Atomic Absorption Spectroscopy is an analytical technique used for the qualitative and quantitative determination of the elements present in different samples like food, nanomaterials, biomaterials, forensics, and industrial wastes. The main aim of this book is to cover all major topics which are required to equip scholars with the recent advancement in this field. The book is divided into 12 chapters with an emphasis on specific topics.
Bài giảng Phương pháp quang phổ hấp thụ nguyên tử (Atomic Absorption Spectroscopy AAS) nêu lên nguyên tắc đo ASS, cấu tạo máy quang phổ hấp thụ nguyên tử, bộ phận tán sắc, máy thu nhận tín hiệu, chọn các thông số của máy thật tối ưu.
The atomic absorption spectrometry uses absorption of light of intrinsic wavelengths by atoms.
All atoms are classified into those having low energies and those having high energies. The
state having low energies is called the ground state and the state having high energies is called the
The atom in the ground state absorbs external energies and is put in the excited state. For
example, sodium is mainly in two excited states, having higher energies by 2.2eV and 3.6eV
respectively than in the ground state, as shown in Fig. 1.1.
This article reviews methods for the determination and identification of trace elements in wine by using atomic
absorption spectrometry (AAS). Wine is one of the most widely consumed beverages and strict analytical control of
trace elements content is required during the whole process of wine production from grape to the final product.
This third edition retains the range of analytical techniques and the structure
of individual chapters of the second edition. However, there are some
significant changes, with the introduction of new topics and some deletions,
to take into account the changing priorities in environmental analysis.
Modern Spectroscopy has been written to fulfil a need for an up-to-date text on spectroscopy.
It is aimed primarily at a typical undergraduate audience in chemistry, chemical physics, or
physics in the United Kingdom and at undergraduate and graduate student audiences
Spectroscopy covers a very wide area which has been widened further since the mid-
1960s by the development of lasers and such techniques as photoelectron spectroscopy and
other closely related spectroscopies.
Both infrared and Raman spectroscopy are extremely powerful analytical
techniques for both qualitative and quantitative analysis. However, neither
technique should be used in isolation, since other analytical methods may
yield important complementary and/or confirmatory information regarding the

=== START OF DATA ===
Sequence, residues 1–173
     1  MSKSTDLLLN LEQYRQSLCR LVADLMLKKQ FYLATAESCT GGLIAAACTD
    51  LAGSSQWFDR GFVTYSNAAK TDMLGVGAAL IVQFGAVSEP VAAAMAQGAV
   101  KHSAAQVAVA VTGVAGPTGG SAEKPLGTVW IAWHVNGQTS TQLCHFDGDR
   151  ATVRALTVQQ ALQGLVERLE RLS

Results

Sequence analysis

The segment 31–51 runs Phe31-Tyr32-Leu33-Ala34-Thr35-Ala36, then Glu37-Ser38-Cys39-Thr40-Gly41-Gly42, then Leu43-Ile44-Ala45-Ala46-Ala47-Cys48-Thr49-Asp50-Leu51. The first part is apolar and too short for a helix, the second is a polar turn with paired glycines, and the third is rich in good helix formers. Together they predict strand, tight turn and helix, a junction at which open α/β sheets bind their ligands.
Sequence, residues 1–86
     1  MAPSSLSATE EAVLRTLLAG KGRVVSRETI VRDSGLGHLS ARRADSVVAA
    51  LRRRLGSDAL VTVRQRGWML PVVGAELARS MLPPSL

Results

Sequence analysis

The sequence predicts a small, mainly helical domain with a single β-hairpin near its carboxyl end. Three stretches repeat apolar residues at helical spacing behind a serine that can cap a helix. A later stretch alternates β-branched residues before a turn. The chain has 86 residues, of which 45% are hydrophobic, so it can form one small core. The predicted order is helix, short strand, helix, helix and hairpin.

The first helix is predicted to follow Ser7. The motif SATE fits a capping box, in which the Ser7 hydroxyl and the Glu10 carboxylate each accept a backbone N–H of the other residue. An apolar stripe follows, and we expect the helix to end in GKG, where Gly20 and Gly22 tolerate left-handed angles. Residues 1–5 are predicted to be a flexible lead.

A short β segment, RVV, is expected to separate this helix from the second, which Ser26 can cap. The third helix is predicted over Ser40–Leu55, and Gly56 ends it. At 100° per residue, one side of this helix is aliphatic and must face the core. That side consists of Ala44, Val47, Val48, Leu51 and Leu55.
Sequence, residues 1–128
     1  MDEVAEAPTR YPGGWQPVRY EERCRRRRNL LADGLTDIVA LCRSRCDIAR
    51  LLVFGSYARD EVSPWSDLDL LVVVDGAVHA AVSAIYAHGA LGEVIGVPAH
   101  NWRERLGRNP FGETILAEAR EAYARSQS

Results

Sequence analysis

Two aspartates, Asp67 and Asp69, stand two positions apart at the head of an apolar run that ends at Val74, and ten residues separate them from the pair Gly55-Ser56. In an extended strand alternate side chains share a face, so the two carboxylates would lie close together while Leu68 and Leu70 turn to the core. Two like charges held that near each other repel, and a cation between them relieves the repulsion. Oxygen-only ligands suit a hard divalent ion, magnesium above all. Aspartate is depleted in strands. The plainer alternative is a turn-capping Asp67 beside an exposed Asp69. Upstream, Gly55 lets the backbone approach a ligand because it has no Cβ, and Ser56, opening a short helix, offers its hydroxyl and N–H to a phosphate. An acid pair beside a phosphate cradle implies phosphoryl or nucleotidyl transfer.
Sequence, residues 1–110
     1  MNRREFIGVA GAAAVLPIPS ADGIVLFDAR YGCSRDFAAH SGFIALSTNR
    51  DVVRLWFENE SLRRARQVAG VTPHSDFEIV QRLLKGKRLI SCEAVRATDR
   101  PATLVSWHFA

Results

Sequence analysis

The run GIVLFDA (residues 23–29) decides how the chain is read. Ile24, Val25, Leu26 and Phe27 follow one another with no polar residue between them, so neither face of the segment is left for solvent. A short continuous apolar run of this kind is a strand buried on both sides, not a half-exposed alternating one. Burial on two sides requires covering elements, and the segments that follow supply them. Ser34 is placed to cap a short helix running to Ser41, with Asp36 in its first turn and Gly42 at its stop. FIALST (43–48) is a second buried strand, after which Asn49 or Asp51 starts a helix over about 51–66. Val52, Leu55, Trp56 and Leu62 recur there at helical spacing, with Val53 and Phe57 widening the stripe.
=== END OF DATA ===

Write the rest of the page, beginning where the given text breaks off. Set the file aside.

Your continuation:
sample. Even simple chemical tests and elemental analysis should not be
overlooked and techniques such as chromatography, thermal analysis, nuclear
magnetic resonance, atomic absorption spectroscopy, mass spectroscopy, ultraviolet
and visible spectroscopy, etc.
A method for determination of arsenic species in environmental samples have been studied (water and sediment of Nhatrang onshore). The analytical method used was ion-exchange liquid
chromatography coupled on-line to atomic absorption pectrometry through hydride generation. It was applied to determination of As species in H3PO4+NH2OH.HCl extracts of sediments. The
efficiency of this extraction procedure was studied in details. The sensibility of this investigated method allows both the analysis of As-poor samples and the dilution extracts, of As-rich ones.
A new procedure for calculation and analysis of XAFS (X-ray Absorption Fine Structure) cumulants of hcp crystals containing dopant atom has been derived based on quantum statistical theory with generalized anharmonic correlated Einstein model. Analytical expressions for effective local force constants, correlated Einstein frequency and temperature, first cumulant or net thermal expansion, second cumulant or Debye Waller factor and third cumulant of hcp crystals containing dopant atom have been derived.
Hydrotalcite-type (HT) materials based on ZnAlO and MgAlO have been prepared and investigated by various physico-chemical method: IR, XRD, BET... It was found that the HT structure depended on the nature and the atom ratio of the metals. The adsorption ability of the materials was tested with the reactive dyes Red 3BA as a model compound. The results indicated that the materials with the HT structure and atom ratio of Me2+ /Me3+ = 3 : 1 calcinated at < 500o C have the highest dyes removal. That could be related with the chemical characterization.